Hello, friends in time, and welcome to a regular feature on Cinema 52 where I put my weekly viewing of Back to the Future on hold and watch another movie featuring time travel for comparison. It may not keep me sane, but it will probably always involve one guy shouting, “This doesn’t make any sense!” And that’s good enough for me.


Just Visiting is a remake of an irritating French film and Jean Reno is in it and I can’t take this any more, these movies are just awful.

The plot is almost entirely identical to Les visiteurs, so as far as I’m concerned, if they get to do the same jokes again, so do I.

A behind-the-scenes snapshot of Reno and Clavier checking the script.

Yup, a knight and his manservant (still Jean Reno and Christian Clavier, but now their names are Thibault and Andre) are thrust into modern times by a faulty potion that was supposed to send the knight back in time to stop himself from committing a murder while hopped up on a mystical hallucinogenic poison. They run around not understanding cars and shit until the movie is over. Whoopdy fuck. Now allow me to show you all the ways this English-language remake managed to improve upon the original.

Oh, hello…

Well, what’s your name, friend?

Oh, that’s very nice…

Hey, is it cool if I take it out…? No?

Aaaaand done.

Who is this random desktop model? She’s the secretary of the fiancé of the woman that takes in Thibault and Andre after she mistakes one of them for a missing relative. And she’s totally fucking that fiancé! Before you call out this scandalous plot revision as being wholly unnecessary (aside from exploring the universal theme of “boobs”), please note that she proceeds to fall off the table, because comedy.

You had, like, four more feet of table, Bridgette Wilson-Sampras!

Why am I so hung up on this boobs? I mean, scene? Because making the fiancé (Matt Ross) a cheater is what drives Julia (Christina Applegate) into the arms of Thibault. Yes, American movies are so desperate to cram in a love story that they took the slappiest of European slapstick comedies and decided the chicks wouldn’t go for it unless they made a woman fall for her own time-displaced relative.

Complete with a date montage that includes urban sword training, I WISH I WAS KIDDING.

Now, there was a vaguely incest-y vibe in the original film, but it was limited to just one or two lines and played for comedy. Here, it’s Julia’s entire character arc. Her fiancé acts like a shithead, Thibault says something empowering about what a bold, beautiful woman she is, and then Julia makes an o-face.

This expression goes way beyond “reassuring pep talk from an uncle.”

More shouting from Reno and Clavier.

“We’re really still doing these movies?!”

Honestly, though, you can tell their hearts aren’t in it. They look tired. Partially because the slapstick has been toned down for American audiences (a decision I’m amazed to be declaring a disappointment), and partially because the repeated gags have such a “here we go again” feel to them.

“Yeah. We wrecked stuff. We do that. Whatever. What are cell phones? Ahhh.”

When she’s not getting squishy in the nethers over her great³²-grandfather, Christina Applegate is your standard, relatable, business-oriented, hopelessly romantic, independent, pretty-but-not-too-pretty, cappuccino, Hootie and the Blowfish, will Ross and Rachel ever get together… huh, I forgot how this sentence started.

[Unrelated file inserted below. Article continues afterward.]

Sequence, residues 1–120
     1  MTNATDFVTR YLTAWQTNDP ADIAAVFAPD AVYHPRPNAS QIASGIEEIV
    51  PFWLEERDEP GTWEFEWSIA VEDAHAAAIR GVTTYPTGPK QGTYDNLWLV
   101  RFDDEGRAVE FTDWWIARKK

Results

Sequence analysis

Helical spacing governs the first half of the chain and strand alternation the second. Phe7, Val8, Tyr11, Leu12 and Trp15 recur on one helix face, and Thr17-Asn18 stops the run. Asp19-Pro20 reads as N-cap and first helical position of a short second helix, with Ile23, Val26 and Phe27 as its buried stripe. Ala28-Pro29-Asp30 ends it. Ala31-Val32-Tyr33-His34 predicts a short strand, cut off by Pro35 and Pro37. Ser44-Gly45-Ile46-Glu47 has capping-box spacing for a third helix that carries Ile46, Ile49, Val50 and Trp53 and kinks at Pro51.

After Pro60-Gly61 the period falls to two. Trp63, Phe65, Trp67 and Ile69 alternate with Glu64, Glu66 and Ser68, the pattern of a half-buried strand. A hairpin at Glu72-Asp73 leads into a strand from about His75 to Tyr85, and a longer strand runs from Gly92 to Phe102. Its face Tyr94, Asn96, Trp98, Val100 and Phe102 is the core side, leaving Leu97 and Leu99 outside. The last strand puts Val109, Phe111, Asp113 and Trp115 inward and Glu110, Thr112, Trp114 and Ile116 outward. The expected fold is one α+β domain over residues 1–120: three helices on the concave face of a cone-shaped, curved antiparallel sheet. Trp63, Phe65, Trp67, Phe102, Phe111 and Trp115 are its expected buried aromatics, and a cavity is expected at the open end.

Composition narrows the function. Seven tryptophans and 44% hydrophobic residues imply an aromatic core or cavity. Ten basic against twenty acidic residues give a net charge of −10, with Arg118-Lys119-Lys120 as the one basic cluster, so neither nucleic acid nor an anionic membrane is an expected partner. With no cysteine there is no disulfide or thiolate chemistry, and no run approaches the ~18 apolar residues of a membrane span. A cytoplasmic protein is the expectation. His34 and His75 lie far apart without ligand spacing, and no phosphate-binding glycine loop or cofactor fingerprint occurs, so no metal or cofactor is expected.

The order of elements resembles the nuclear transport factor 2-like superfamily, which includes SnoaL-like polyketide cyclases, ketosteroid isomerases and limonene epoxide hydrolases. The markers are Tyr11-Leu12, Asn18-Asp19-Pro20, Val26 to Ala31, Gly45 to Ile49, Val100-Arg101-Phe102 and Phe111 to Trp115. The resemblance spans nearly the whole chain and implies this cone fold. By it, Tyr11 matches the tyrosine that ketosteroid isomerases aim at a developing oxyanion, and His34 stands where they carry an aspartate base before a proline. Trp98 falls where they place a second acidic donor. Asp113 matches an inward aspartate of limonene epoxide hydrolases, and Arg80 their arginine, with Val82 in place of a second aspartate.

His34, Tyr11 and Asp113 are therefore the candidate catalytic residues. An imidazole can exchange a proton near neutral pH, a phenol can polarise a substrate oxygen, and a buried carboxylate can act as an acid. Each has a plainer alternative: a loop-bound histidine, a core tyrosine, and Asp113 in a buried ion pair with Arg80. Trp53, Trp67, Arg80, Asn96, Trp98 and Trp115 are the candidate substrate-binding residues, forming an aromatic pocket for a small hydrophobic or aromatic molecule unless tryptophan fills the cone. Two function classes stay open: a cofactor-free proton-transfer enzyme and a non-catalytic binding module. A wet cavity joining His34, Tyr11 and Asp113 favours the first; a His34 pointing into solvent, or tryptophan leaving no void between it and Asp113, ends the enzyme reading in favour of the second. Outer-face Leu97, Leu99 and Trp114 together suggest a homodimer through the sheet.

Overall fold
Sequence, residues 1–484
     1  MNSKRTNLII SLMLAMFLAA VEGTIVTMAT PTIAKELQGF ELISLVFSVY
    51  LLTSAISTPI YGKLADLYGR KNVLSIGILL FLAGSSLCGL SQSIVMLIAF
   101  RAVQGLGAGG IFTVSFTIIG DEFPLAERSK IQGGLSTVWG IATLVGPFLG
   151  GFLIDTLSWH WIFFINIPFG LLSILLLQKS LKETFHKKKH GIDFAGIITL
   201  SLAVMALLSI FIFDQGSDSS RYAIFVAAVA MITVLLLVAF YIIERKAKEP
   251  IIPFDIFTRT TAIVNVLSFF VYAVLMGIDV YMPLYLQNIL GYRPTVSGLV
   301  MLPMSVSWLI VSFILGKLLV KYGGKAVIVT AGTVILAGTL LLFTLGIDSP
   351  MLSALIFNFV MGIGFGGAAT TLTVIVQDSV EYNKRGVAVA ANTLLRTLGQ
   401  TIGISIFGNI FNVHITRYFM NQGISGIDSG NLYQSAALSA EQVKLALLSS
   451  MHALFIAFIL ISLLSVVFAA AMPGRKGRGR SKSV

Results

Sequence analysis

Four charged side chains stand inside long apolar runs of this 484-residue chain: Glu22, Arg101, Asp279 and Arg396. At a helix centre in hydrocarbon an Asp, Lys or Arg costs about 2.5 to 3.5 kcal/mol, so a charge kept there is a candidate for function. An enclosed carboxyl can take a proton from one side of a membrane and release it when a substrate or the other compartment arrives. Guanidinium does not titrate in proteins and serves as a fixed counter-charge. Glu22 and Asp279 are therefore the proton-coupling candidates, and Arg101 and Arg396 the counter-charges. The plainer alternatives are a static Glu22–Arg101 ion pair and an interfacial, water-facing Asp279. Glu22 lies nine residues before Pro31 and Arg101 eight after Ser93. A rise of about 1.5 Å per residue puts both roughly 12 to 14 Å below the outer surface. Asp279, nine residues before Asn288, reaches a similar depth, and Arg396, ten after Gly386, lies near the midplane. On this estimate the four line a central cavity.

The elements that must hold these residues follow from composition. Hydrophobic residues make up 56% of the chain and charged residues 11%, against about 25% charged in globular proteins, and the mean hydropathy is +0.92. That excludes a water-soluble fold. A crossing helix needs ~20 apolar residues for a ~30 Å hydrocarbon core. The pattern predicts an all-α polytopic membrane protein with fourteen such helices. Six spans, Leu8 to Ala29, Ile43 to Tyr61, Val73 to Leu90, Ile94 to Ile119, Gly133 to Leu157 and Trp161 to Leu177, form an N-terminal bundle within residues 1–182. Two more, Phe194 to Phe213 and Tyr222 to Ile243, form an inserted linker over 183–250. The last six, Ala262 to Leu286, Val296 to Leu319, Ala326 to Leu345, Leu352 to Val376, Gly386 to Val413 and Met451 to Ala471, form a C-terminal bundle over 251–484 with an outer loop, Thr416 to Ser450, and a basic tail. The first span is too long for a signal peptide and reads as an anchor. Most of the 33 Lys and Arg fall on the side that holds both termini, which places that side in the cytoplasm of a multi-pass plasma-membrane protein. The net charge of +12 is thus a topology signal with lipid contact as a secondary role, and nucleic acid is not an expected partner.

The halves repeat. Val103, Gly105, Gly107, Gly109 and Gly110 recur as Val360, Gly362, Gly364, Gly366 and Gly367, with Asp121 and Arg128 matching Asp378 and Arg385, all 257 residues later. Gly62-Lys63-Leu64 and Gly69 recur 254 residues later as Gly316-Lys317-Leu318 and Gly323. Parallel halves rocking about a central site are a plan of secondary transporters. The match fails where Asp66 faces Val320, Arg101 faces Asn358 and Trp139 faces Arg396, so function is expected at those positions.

She’s just like me!

Speaking of stock characters, Matt Ross sweeps the Douche Awards as the dirty cheatin’ man who just ain’t right for Julia.

Movie douching is a thankless job. Godspeed, Mr. Ross.

The homeless woman that the peasant falls in love with in the original is now simply “quirky” and played by an actual homeless woman.

Rimshot me, motherfucker.

And now, the saddest role. I’m already heartbroken to see Jean Reno in this bullshit, but get a load of Malcolm McDowell… as the wizard… who follows the visitors to the future… and discovers he quite enjoys this “rap” music.

He noncommittally wiggles his butt for a second and the editor cuts away out of pure respect.

Okay, if you’ve read about the special effects in the other two movies, you’re waiting with rapt attention: does time travel turn the peasant into a literal pile of shit?

Nope. A head with legs. Then water.

The knight now turns into a statue, then crumbles into dust.

Again I ask, why is it different for everyone?

Oh, and because weird CGI is apparently a hallmark of this franchise, here’s a guy with a vegetable head.

Little known fact: the Salad King is infinitely creepier than the Burger King.


  • This movie tries to get away with a “Macarena” joke in the year 2001.
  • Speaking of weird music choices, they also try, without a hint of irony, to heartwarmingly end the movie on Sonny and Cher’s “I Got You Babe” as though Groundhog Day didn’t definitely retire that song from movies forever.

Oh, fuck, actually, I was blasting through the rest of the article until I remembered that this part was legitimately interesting. While the other two movies don’t focus on the time travel rules whatsoever, I was amazed that this movie, however briefly, did. So Thibault murdered Rosalind, his bride-to-be, under the influence of dark magicks, but she is also played by Christina Applegate because movies are stupid. When the wizard arrives in modern times and meets the similarly Applegate-faced Julia, he thinks it’s Rosalind. When Thibault explains that she’s Rosalind’s descendant, the wizard’s response seems to suggest an attempt to comprehend the rules…

“She’s a descendant! A-ha! All is not lost, my lord!

I would rather watch Kate & Fucking Leopold. And I wouldn’t see the upcoming Les visiteurs 3: La révolution for all the croissants in Paris.

And I love croissants.

A Connecticut Yankee in King Arthur’s Court (1949), Unidentified Flying Oddball (1979), A Kid in King Arthur’s Court (1995)

Want more time travel? Head on over to the Time Out archive.